T Landreth, of Cromwell, asks :-

I have seen advertised objects, containing magnets, which are reputed to stop lime scale forming. Can this be true?

Dave Warren, a chemist at the University of Otago, responded.

There have been many suggested remedies for the problem of lime scale going back to the first steam engines and most have proven to be ineffective.

Early last century glass spheres (called scale buoys) with mysterious gas contents were claimed to prevent lime scale forming if they were floated in a water supply. Rutherford brought a set to NZ in 1925, the buoys had gases sealed inside along with a small pool of mercury. When shaken the mercury broke into drops and friction charging caused the gas to glow, all very pretty but ineffective on lime scale.

Now we have magnets! I admit to being skeptical when I first came across the idea. However, after reading around and although I can find no convincing scientific explanation, I have been forced to concede that magnets do seem to prevent lime scale. A possible explanation is suggested by the one consistent fact that appears when reading about this subject; the treated water frequently appears to contain many fine white crystals. In fact some engineering firms don’t recommend the use of magnets on solar heating systems because these crystals are known to block the narrow pipes they use.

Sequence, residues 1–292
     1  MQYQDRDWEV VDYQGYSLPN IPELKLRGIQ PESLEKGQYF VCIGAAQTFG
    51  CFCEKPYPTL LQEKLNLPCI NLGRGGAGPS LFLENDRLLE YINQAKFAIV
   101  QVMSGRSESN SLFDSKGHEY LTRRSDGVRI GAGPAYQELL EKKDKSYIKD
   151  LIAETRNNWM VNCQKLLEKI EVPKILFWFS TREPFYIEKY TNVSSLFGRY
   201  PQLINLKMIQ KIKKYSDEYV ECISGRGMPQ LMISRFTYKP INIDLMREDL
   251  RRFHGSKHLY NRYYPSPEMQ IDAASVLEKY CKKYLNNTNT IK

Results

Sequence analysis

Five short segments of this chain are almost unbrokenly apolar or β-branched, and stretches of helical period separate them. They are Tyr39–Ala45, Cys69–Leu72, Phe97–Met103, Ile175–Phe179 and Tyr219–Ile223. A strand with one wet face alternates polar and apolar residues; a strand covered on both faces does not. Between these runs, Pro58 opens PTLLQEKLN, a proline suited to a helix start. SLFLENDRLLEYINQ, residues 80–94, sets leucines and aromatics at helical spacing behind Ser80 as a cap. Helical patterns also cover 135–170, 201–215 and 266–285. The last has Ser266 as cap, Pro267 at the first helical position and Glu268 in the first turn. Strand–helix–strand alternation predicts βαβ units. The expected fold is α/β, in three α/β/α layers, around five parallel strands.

So, magnets would appear to work by altering the physical form of the calcium carbonate solid, producing fine crystals that don’t form deposits. Although calcium carbonate is not magnetic and shouldn’t be affected by any magnetic field the calcium and carbonate ions dissolved in the water are charged particles and their behaviour when forming a solid might be influenced by a magnetic field, resulting in the small crystals rather than lime scale.

Whatever the scientific reason, no-one appears to have identified the reported fine crystals and until that is done the answer to this intriguing matter is going to remain unanswered. Science Fair project anyone?